Copyright (c) 2008 The Journal of Law & Politics, Inc.
The Journal of Law & Politics
ARTICLE: Grazing, Grimaud, and Gifford Pinchot: How the Forest Service Overcame the Classical Nondelegation Doctrine to Establish Administrative Crimes
24 J. L. & Politics 169
Robert Cushman pithily summarized the conventional understanding of the nondelegation doctrine more than 60 years ago. The Supreme Court, he wrote, applies the following syllogism when deciding whether Congress has unconstitutionally delegated legislative power to the executive branch:
Major Premise: Legislative power cannot be constitutionally delegated by Congress.
Minor Premise: It is essential that certain powers be delegated to administrative officers and regulatory commissions.
Conclusion: Therefore the powers thus delegated are not legislative powers. 1
The Court has hidden these practical concerns, the argument goes, by applying a veneer of conclusory labels. It labels policy-making authority whose delegation is necessary to effective governance "administrative," "executive," or "quasi-legislative" power, anything but what it really is: legislative power. The only two instances in which the Court struck down a statute as an unconstitutional delegation of legislative authority are dismissed as the result of the unique circumstances surrounding the New Deal. 2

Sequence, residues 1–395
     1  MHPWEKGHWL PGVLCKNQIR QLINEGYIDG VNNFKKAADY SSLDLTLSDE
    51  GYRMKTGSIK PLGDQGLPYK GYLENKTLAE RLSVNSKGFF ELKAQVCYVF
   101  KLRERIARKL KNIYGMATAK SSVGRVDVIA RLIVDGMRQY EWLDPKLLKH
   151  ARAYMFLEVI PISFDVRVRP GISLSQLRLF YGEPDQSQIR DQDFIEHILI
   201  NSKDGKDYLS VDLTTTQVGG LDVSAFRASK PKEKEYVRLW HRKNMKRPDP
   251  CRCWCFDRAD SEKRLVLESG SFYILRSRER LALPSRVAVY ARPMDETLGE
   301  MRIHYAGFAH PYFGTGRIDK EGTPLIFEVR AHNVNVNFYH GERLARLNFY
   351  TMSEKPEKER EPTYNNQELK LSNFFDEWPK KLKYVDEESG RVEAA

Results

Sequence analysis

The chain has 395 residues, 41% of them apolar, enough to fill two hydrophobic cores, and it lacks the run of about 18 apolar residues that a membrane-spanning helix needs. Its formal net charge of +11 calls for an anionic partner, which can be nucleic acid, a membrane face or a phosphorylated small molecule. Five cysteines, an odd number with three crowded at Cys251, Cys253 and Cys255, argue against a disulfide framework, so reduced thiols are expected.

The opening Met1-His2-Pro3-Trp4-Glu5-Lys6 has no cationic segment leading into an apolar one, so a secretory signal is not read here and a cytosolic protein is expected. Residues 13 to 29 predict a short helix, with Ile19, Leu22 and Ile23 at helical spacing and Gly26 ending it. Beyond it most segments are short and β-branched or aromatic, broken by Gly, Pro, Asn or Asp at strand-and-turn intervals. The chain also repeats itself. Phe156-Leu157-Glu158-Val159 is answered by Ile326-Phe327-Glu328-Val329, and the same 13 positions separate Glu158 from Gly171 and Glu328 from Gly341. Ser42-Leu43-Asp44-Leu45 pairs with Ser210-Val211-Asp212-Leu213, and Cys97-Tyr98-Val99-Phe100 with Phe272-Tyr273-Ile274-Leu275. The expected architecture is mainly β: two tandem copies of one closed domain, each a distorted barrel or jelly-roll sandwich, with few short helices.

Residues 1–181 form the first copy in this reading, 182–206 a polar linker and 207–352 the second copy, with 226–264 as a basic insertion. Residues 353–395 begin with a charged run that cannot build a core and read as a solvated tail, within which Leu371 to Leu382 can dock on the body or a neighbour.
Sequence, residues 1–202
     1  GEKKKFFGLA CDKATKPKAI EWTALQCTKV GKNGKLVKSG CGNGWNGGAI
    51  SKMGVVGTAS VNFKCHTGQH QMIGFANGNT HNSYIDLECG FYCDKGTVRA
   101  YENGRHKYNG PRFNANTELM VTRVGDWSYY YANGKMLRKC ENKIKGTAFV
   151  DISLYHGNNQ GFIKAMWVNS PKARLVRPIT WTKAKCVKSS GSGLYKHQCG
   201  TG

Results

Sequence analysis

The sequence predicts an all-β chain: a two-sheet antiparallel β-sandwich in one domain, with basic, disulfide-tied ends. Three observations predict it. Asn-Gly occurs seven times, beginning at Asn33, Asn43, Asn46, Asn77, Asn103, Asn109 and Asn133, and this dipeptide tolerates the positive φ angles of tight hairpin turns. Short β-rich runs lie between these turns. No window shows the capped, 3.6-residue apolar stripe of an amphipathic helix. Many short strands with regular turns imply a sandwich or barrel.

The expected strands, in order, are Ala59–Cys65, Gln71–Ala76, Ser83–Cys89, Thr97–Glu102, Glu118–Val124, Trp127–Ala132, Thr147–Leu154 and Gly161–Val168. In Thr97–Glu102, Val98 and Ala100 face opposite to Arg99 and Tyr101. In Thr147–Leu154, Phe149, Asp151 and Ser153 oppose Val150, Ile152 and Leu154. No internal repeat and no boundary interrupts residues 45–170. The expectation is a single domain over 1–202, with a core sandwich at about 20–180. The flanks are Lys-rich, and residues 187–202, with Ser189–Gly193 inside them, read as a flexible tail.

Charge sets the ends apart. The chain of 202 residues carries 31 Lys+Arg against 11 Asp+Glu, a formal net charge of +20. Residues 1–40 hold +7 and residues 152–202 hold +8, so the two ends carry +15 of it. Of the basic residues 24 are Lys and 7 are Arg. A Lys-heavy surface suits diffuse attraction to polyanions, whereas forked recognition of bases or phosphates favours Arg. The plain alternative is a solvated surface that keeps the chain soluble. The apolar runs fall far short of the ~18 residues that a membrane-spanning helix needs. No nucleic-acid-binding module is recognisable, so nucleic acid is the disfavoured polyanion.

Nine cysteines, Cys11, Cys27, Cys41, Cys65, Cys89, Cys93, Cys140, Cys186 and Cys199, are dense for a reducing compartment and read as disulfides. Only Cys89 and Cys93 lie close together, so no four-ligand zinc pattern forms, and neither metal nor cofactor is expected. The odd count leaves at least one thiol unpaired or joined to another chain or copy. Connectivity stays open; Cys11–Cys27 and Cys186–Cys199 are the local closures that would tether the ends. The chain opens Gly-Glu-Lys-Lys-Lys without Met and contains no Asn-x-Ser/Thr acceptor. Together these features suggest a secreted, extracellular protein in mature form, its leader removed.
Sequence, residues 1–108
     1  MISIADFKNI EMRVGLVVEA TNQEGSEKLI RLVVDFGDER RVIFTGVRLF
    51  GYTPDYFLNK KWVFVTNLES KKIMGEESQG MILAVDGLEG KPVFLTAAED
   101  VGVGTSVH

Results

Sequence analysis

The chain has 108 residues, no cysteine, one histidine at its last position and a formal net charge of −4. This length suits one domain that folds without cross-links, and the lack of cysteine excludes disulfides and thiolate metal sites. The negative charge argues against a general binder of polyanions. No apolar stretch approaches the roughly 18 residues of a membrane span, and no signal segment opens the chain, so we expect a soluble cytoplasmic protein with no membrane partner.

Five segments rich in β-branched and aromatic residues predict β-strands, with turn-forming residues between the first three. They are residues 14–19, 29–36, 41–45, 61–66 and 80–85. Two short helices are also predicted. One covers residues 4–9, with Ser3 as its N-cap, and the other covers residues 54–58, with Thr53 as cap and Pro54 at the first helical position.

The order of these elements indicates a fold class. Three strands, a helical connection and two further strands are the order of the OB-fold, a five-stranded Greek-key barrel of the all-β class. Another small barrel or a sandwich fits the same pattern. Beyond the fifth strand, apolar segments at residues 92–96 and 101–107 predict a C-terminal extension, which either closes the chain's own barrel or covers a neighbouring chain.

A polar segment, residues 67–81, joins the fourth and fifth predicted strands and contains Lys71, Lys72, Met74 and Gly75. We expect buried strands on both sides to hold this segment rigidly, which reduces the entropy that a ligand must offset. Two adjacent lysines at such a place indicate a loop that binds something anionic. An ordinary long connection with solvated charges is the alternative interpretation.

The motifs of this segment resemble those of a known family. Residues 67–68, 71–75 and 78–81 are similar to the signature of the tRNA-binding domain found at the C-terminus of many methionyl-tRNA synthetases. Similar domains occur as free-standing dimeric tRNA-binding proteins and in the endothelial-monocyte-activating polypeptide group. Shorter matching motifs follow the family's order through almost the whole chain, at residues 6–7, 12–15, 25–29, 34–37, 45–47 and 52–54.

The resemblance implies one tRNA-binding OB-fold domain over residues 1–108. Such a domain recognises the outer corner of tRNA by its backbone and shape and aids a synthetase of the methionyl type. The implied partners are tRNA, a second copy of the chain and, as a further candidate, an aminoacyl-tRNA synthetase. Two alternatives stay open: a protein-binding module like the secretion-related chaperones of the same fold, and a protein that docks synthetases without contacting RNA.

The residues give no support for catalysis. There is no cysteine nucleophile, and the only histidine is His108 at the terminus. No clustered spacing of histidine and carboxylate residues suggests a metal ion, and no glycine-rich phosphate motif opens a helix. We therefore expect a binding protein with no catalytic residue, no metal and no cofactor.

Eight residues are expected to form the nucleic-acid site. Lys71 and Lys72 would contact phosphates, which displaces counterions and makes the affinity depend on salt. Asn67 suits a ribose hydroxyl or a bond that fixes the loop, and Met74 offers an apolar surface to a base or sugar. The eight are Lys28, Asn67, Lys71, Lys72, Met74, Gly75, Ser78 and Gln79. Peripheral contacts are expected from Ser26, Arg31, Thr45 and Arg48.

This faith that the nondelegation doctrine is merely a pass-through for functional concerns, however, would have surprised the government lawyers who fought for more than a decade at the turn of the 20th century to establish the constitutionality of what are now known as administrative crimes - crimes whose elements are defined by administrative regulations rather than by statute or the common law. Their fight began when Congress, in 1897, attempted to stop the rampant over-grazing that was devastating the newly created national forests by explicitly granting the Secretary of Interior the authority to issue whatever regulations ...
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